Posted: Jan 11, 2021
Category: The Musician Business
music venues show booking booking agents live streaming live performances supply and demand data promoters talent buyer megaphone agency drive-in concerts
**Guest post written by Jordan Gates, of Megaphone Agency.
"2020 will go down in history for a lot of reasons. The music industry will forever remember it as the year live shows ground to an abrupt halt. The devastating shockwaves of the COVID pandemic have hit home particularly hard for the live music industry, impacting artists and businesses alike. It has been a difficult pill to swallow, especially when contrast with the record setting year that live music had in 2019.
Despite the challenging times we are in, the future looks bright! Creativity breeds innovation, and the music industry has no shortage of creativity. Even through all the challenges this year has brought, the industry hung on through remarkable resilience. Live streaming, drive-in shows, fundraisers, even lobbying the government – there’s nothing we won’t do to keep the culture alive and the music playing. Music isn’t going anywhere. It’s only a matter of time before we can get back to that unparalleled feeling of experiencing it live and in person again.
As we turn the corner into a new year, we look forward to a new frontier for the live music industry. Here are some of our industry predictions for 2021.
Getting back to producing live shows consistently and sustainably is undoubtedly going to be a slow process. There won’t be a single point in time when the pandemic is switched off and we can return to business as usual.
We predict that there will be a gradual return to normalcy in the year that follows. Large scale concerts likely won’t be happening in the first quarter or even the first half of the year. It is going to take some time for restrictions to loosen and for people to be able to safely gather for shows. Vaccines are just now starting to be distributed, but it could be months still the general population to get vaccinated or for the virus to run its course.
At the earliest, we likely won’t be seeing live shows until late summer or fall. When they do truly come back, they will be bigger and better than ever!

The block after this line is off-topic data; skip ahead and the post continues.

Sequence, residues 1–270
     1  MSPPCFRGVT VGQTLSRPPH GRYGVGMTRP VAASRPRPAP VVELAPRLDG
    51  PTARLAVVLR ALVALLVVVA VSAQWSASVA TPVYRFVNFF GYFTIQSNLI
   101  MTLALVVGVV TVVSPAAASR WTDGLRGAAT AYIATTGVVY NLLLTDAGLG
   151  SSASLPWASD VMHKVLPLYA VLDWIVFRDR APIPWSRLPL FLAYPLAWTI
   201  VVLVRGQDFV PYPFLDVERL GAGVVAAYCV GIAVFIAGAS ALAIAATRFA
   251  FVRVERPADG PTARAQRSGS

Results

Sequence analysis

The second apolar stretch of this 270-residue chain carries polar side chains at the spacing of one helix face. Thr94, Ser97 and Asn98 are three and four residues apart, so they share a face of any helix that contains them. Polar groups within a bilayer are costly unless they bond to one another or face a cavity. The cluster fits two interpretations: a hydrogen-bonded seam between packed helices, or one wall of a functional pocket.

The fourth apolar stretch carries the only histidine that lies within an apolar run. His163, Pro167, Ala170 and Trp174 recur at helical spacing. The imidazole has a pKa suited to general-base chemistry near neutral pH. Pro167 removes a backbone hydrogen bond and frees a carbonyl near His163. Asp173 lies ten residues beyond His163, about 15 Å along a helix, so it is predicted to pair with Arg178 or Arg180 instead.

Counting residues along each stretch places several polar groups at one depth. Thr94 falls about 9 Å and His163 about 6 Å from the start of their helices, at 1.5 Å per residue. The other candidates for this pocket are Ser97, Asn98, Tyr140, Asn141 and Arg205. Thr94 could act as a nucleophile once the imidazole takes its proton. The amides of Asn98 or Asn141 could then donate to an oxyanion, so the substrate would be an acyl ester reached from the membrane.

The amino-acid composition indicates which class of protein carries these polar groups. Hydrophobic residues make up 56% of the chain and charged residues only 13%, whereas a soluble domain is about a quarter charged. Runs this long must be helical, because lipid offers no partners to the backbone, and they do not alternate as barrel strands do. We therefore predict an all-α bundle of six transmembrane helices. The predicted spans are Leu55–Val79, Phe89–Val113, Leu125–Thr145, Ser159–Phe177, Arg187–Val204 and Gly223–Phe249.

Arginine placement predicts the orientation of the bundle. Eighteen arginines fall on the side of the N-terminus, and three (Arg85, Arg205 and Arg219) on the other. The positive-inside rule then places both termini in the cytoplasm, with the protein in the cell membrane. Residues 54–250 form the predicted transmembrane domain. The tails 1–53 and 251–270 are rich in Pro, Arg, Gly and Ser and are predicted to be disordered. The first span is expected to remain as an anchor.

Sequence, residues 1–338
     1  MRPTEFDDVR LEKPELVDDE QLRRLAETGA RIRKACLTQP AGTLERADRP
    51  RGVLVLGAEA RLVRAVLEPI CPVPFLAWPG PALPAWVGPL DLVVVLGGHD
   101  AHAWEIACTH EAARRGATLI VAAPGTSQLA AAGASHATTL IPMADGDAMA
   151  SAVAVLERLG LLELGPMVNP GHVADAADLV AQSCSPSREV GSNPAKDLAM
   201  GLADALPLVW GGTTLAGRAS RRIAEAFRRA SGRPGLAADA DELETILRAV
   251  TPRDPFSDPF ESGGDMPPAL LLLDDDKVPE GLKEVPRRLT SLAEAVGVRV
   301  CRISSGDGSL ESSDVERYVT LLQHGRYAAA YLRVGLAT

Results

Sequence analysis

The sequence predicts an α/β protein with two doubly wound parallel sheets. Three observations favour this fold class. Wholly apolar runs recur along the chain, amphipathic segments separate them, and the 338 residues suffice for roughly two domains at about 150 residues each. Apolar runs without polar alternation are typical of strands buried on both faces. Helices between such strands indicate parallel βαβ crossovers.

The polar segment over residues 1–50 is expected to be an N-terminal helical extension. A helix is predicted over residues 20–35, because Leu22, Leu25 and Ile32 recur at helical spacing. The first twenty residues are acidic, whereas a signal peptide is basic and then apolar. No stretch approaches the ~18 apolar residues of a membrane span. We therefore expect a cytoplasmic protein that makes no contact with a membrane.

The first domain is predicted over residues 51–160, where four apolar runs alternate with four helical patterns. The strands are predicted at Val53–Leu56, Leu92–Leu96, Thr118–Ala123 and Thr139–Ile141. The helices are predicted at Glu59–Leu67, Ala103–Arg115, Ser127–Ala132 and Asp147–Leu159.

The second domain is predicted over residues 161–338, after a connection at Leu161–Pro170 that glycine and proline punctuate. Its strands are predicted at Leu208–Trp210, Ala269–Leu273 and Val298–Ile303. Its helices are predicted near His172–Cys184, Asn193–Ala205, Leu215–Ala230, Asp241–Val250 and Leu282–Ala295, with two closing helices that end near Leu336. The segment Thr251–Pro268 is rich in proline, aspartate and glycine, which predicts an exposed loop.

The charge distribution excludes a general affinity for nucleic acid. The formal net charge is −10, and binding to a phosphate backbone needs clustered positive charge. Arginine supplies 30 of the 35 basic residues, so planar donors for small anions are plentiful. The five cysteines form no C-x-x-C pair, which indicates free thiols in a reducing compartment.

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If there’s one positive thing from this year, it would be that all sides of the industry came together in a time of crises to support each other. Anyone doing business in the live music industry was in the same boat this year and we all had to offer support to one another to keep it afloat. The industry is extremely interconnected. In general when one part of the industry is thriving, we all thrive, and when one part struggles, we all struggle.
While each part of the industry is necessary for it to function, the dynamics between those parts can change over time. Prior to the pandemic there was a relatively healthy amount of supply and demand in the market. There were plenty of artists out on the road, enough buyers who would be willing to bid top dollar for the best talent, and lots of fans who would pay increasingly high ticket prices to see their favorite band. This may have even been considered a good seller’s market since artists and agents often got the most favorable deals. In the current environment, this market has broken down entirely due to unforeseen government regulations and businesses closing to reduce spread of the virus.
As the pandemic subsides and regulations are lifted, the dynamic between the industry players will look a bit different. We predict that the industry landscape in 2021 will be a buyer’s market and will be more favorable to promoters and talent buyers. There are a few reasons for this shift.
First, there is a surplus of artists that are extremely eager to play shows again. Many artists make a substantial portion of their income from live performances. Once it’s safe to play live again, there will be a wave of artists contacting promoter’s to book them.
Second, there will be less demand from venues and fans this year to make shows happen. That’s not to say that people don’t want to see live music as much as they did in the past. There’s very much still demand for concerts. However, it’s going to take some time before everyone is comfortable gathering in large crowds again. Smaller capacity shows may be the norm for quite some time.
Additionally, there will be fewer shows happening and fewer venues hosting shows. As things slowly return to normal, concert promoters will have to navigate through changing government regulations and concert goer sentiment in their local market. These factors will make it difficult to have the same volume of shows that we’ve seen in years past. There will also be fewer venues across the country as some businesses have been forced to close permanently this year. All of this coupled with the fact that artists and agents are requesting concert date holds many months in advance means that there will be a shortage of dates to book shows this year.
The final reason that we predict the power dynamic will favor talent buyers and promoters this year is that the principle of risk vs. reward. A good deal in live music is one that benefits everyone and all parties share in the risk and reward. Deals often have high guarantees going to artists, where a large amount of the risk is placed on the promoter. The pandemic has shown just how risky this business can be with many concerts and festivals being forced to cancel last minute. Cancellations like this can lead to big losses, especially for promoters. The industry must recognize the huge risks that promoters take this year. As a result, deals may skew to favor talent buyers. Those that can make it through this year will be rewarded with some historically good deals on talent.